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3 Cyberthreats Facing Federal and State Governments in 2020


Despite growing awareness around cyberthreats, organizations will continue to face the consequences of inadequate network protection. 

Bad actors do not discriminate. Organizations across all sectors are at risk — corporations, non-profits, and increasingly, federal and state government entities. 

The U.S. Government Accountability Office (GAO) reported that security incidents increased by 1,300 percent from 2006 to 2015. This number is growing. 

The GAO has identified three major security issues government entities need to address to protect network security:

·   Establishing a comprehensive cybersecurity strategy

·   Securing federal systems and information

·   Protecting critical cyberinfrastructure 

Government entities face an uphill battle when it comes to addressing these issues. Over the next decade, these three cybersecurity challenges will present significant roadblocks.

1. Understaffing

Recruiting top network security talent is a daunting task across the private sector, but it is even more difficult for public entities. While state and federal government entities have even more exposure than private entities, they have fewer resources to attract and retain talent. 

Today, there are over 1 million cybersecurity positions open across all sectors, a number that has grown steadily over the past several years. 

This trend will not only continue into the next decade; the numbers are about to get worse. A recent analysis conducted by CybersecurityVentures.com revealed that by 2021, 3.5 million cybersecurity positions will go unfulfilled. 

The federal government is scrambling to recruit “best talent” professionals to combat the looming cybersecurity crisis. Recruitment is a difficult undertaking because the tech sector pays considerably more and offers jobs that are more attractive to fresh college graduates.

2. Lack of Proper Tooling

Even when government entities do hire talented cybersecurity employees, they can’t work up to their potential. Outdated and inadequate tools limit them.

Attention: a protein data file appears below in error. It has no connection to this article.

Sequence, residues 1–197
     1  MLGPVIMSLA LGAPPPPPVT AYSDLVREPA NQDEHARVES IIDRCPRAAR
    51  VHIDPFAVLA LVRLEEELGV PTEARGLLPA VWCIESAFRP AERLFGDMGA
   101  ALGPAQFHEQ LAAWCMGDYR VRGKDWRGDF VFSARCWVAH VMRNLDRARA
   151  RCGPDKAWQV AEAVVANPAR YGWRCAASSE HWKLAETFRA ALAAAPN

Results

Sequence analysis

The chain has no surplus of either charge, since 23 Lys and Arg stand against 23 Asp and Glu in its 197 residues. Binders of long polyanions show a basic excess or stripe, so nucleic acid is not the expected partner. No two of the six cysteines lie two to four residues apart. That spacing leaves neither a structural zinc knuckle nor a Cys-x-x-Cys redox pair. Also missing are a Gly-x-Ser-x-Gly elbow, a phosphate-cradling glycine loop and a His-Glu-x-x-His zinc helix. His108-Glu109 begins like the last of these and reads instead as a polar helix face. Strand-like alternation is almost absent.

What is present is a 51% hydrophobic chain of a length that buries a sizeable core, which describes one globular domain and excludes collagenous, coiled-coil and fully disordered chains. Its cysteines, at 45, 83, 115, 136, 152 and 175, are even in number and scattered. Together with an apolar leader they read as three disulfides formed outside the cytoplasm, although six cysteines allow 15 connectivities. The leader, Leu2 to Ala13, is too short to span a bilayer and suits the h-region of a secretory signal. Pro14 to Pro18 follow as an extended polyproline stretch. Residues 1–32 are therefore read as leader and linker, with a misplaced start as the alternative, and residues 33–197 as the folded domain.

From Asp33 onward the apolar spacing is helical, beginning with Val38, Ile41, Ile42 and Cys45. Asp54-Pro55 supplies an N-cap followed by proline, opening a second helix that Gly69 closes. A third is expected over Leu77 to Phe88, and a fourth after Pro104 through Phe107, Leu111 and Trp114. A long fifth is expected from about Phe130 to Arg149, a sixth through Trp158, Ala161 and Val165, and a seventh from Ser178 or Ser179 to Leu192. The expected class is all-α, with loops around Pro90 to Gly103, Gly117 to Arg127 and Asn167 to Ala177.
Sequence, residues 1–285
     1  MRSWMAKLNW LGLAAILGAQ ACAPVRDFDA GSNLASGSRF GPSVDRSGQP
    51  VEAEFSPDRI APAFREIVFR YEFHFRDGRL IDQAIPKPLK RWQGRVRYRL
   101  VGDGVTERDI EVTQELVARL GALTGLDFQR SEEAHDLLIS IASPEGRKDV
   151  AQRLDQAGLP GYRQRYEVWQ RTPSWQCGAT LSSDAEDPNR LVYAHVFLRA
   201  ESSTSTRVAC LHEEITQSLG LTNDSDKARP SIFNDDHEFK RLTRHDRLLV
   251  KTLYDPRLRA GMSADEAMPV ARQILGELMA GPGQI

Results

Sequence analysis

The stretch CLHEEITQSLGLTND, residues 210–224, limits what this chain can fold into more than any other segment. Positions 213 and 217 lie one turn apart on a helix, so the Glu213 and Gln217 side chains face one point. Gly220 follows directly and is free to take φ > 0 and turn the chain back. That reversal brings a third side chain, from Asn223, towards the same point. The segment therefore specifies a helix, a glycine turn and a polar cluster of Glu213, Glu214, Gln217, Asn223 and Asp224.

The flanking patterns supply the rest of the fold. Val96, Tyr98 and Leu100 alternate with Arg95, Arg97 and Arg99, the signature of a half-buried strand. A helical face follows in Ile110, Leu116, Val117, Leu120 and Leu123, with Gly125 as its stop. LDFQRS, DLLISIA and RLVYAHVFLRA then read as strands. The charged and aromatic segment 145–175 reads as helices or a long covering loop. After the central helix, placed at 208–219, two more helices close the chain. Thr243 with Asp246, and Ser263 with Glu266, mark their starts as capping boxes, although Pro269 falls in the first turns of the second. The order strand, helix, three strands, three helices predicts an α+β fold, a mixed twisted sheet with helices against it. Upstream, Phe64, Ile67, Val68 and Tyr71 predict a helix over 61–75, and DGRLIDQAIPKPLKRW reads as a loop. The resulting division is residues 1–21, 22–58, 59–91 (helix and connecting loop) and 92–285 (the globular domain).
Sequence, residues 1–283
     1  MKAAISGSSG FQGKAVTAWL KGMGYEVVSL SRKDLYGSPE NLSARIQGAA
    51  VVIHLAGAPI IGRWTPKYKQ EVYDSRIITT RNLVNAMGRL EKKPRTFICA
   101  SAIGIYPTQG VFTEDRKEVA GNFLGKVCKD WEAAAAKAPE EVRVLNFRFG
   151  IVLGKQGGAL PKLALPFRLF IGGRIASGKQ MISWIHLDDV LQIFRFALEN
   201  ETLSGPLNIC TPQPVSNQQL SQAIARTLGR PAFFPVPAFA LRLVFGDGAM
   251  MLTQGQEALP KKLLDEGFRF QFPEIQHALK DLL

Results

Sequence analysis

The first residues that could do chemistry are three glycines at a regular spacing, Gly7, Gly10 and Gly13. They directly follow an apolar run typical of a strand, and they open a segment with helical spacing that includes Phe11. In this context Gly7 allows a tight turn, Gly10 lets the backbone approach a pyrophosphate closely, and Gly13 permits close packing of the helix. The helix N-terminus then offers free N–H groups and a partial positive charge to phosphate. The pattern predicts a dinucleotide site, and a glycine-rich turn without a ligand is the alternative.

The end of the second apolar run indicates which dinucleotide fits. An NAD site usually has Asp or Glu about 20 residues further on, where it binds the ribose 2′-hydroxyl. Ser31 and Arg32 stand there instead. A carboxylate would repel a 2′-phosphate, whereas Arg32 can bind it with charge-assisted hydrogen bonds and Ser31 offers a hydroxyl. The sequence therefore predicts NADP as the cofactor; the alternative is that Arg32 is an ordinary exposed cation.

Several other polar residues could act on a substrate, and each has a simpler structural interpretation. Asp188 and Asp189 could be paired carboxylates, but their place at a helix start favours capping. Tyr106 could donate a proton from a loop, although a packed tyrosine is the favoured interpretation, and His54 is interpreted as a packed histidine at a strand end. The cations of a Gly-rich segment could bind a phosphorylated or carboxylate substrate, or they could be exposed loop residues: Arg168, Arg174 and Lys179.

A deficit in cybersecurity tools can limit a security team’s ability to identify and report network vulnerabilities. Outdated analytics tools, or a lack of analytics altogether, limit an entity’s ability to confidently monitor the often sprawling networks associated with large government agencies and departments. 

Like their private sector counterparts, public sector cybersecurity teams need access to smarter, modern technology. Advances in artificial intelligence, in particular, have greatly enhanced the ability of SecOps professionals to maintain their systems properly. 

The lack of proper network monitoring tools extends to the networked machines used in many government offices. Agencies often use machines well past their typical lifespans to save money, but those savings come at the expense of increased network vulnerability. 

Hackers have broken into systems through networked fax machines, printers, video conference systems, security monitoring systems, and even HVAC components. Often, these machines and systems are too outdated to be patched appropriately and utilize operating systems incompatible with the network’s security platform.

3. Frequency of Attacks

Hackers and bad actors never stop. Unfortunately, they have taken advantage of the government’s inability to properly secure their networks. These networks have become a major target for hacking and other cybersecurity threats. 

Data saved on-site is vulnerable, as are the increasing number of Internet of Things (IoT) devices government entities need to do their jobs. Because IoT devices are continually joining and leaving networks, bad actors are always on the lookout for a way to access systems through these devices. 

The National Institute of Standards and Technology (NIST), a federal agency working to improve the way the federal government uses innovation, strongly recommends entities create IoT cybersecurity protocols that:

1.   Protect device security — for example, preventing an IoT device from being used to conduct attacks

2.   Protect the security of data, including personally identifiable information 

While it is a challenging prospect, government entities must keep their entire networks secure at all times. Hackers can attack a network in an astonishingly short amount of time.

Looking Ahead

To face mounting cybersecurity challenges in the coming decade, government entities will have to either invest in better technology or pay the cost of hacks and breaches. Entire municipal governments have effectively shut down through strategically-targeted ransomware. The ultimate cost to taxpayers can far exceed what it would have cost to secure these systems adequately. 

Federal and state governments must view these cautionary tales as a precursor to what could happen at a larger, more impactful scale. The nation’s infrastructure relies on inadequately protected networks. 

An advanced AI tool like the MixMode platform can enhance the way governments fight against today’s cybercriminals. MixMode continuously analyzes network traffic to detect anomalies and suspicious activity, filter out false positives, and stop legitimate cyberattacks in their tracks. 

Find out how MixMode can help your organization address the threats of today and tomorrow.

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